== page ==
Another reason that engine decks aren’t popular and seem more complicated than they really are is that they require a different type of thinking than other Magic decks. Engine decks require players to keep track of multiple criteria for every option they consider for each step in the characteristically lengthy turns. Keeping track of the possible mana in your mana pool, the number of cards you can draw, the number of spells you’ve played, the number of artifacts in play, etc., for each hypothetical option at each decision point in the turn is very different than what one normally worries. For example, an engine deck like Time Sieve is not necessarily harder than the premier control decks of the format, but it is very different. Part of peoples’ aversion to Time Sieve can be explained by the fact that it isn’t a very good deck, but I don’t think that’s all of it. It still has a Turn 5-ish goldfish and a very good control matchup. People know how to be patient with their Wrath of Gods or not over-commit against them, but it is a much rarer skill to understand how to maximize value out of Howling Mines. Even though there are more decisions in a Blue/White Control deck than Sieve, I would be willing to wager that most people would still feel a lot more comfortable playing control. People just aren’t used to eking out every Time Sieve activation to get full value on an Open the Vaults or figuring out which artifacts to sacrifice.
When playing an engine deck, there are a lot more things to keep track of than with a usual deck. However, there are two that stand out: mana and cards. As long as you know whether you need mana or cards, all you have to do is figure out which play provides you with the most of whatever you need. Sometimes, this will involve using spells in awkward ways, but as long as you are contributing to the necessary resource, your play is almost assuredly correct.
Here is an example of having to use this engine theory that came up in a test game:
You are playing a card for card copy of my Grand Prix Oakland Elves list:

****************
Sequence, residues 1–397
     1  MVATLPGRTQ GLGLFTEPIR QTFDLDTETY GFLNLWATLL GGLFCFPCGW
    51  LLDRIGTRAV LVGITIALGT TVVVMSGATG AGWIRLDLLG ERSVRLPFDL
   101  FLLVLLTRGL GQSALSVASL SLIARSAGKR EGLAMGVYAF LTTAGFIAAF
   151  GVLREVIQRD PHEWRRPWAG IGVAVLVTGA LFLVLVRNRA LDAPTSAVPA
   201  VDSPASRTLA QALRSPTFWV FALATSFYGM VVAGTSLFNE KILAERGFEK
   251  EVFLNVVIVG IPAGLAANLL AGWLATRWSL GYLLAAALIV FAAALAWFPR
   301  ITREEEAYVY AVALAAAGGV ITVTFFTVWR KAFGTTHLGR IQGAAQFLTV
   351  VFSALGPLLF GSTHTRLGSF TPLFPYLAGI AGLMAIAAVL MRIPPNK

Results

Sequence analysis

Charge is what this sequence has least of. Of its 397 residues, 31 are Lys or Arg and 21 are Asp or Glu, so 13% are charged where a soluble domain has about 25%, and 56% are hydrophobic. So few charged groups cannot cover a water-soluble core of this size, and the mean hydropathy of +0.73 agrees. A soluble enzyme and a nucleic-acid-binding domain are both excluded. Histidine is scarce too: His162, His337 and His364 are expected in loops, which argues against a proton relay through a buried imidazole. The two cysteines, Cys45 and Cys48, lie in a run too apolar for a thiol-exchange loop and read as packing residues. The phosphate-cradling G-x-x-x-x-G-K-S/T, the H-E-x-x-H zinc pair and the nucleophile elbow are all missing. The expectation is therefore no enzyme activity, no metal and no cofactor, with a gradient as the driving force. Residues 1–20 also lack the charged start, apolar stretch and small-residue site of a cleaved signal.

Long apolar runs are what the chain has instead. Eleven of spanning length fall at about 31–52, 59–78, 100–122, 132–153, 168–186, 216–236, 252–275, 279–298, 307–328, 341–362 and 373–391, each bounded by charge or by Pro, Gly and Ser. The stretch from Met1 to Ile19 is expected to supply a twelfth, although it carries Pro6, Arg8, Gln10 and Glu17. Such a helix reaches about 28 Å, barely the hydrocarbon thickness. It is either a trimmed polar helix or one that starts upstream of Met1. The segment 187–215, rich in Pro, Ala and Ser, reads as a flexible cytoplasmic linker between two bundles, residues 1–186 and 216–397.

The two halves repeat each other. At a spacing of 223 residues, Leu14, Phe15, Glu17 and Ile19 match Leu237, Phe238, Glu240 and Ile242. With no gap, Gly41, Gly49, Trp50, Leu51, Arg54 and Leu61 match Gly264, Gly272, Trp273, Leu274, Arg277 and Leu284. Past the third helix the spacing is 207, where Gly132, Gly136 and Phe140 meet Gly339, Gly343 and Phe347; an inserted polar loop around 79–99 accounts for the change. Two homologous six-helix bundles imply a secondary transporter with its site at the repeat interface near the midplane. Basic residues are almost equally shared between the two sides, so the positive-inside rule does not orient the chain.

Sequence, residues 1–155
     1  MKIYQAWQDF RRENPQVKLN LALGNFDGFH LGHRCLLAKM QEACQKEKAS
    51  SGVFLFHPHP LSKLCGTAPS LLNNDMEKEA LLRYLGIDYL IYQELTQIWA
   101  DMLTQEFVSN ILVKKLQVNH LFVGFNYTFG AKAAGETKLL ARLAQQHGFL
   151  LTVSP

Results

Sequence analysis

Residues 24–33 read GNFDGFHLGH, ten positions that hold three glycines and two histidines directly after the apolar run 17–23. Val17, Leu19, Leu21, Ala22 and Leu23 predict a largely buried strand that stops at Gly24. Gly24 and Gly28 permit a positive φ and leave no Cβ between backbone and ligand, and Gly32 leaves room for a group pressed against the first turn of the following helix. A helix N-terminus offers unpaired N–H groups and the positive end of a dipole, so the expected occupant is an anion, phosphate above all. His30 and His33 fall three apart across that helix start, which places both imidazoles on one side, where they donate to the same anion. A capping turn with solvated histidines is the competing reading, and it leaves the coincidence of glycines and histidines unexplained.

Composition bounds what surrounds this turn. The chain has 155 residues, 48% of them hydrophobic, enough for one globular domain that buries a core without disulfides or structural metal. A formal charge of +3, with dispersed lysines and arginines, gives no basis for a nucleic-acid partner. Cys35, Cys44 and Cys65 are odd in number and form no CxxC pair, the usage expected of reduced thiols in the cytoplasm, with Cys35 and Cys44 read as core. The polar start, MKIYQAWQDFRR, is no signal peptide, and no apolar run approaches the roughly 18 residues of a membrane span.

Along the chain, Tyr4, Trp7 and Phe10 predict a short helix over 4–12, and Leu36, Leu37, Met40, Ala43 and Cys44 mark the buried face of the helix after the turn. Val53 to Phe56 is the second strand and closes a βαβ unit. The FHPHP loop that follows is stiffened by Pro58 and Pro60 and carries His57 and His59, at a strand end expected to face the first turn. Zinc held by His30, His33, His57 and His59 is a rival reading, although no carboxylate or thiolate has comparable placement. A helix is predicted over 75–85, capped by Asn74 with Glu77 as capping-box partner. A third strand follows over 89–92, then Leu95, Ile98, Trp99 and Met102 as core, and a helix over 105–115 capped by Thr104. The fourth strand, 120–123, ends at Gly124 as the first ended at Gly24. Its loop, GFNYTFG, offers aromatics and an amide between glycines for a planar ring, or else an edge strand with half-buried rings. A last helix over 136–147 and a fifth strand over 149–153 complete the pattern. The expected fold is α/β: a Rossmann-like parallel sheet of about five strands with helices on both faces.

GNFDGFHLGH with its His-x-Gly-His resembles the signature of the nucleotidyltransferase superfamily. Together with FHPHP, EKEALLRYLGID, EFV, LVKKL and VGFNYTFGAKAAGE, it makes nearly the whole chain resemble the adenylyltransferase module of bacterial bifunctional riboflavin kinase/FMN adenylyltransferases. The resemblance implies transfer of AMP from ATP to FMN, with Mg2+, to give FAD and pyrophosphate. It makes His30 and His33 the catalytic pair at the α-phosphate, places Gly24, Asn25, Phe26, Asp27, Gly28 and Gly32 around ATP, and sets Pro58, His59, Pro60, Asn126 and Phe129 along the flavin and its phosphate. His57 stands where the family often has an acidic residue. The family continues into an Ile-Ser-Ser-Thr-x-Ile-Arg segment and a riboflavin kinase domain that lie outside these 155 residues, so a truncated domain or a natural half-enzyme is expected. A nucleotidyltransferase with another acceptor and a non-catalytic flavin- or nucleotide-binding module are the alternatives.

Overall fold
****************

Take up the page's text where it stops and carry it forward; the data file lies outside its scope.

In this particular situation, I was testing against Ben Stark playing Hypergenesis with Josh Utter-Leyton (Wrapter) sitting next to me. In play, I had a Forest, a Nettle Sentinel, a Heritage Druid, and a Llanowar Elves. In hand I had Cloudstone Curio, Glimpse of Nature, a Nettle Sentinel, and an Elvish Visionary. Hint: The top cards of your deck are irrelevant.
Josh and I were trying to figure out the right line of play and he suggested leading with Glimpse to maximize the number of cards drawn. This was my first instinct as well, and it was likely to work barring a bunch of lands in a row. If you took this approach, you will get a draw off the Nettle, and two off the Visionary, and should have plenty of mana and a Glimpse going, which usually leads to success.
However, I told Wrapter that in this case, I would be better off playing the Cloudstone Curio with an Elvish Visionary which would begin an infinite loop. Since the Curio is a three mana spell and the Visionary is a two mana spell, mana became more important than cards. By taking this approach, we wouldn’t have to put the game in Lady Luck’s hands. I played Nettle Sentinel, then tapped 2 Nettles and an Elf to float three. I then played Glimpse of Nature floating two mana, essentially as a ritual, and then tapped the now untapped Nettles and the other Elf. This meant that using the two floating mana and the three newly created mana I could make the five mana necessary to cast Curio and Visionary and go infinite. While Josh’s play was probably 90% to be successful, my play was 100%: those extra percentage points can be the difference between winning and losing.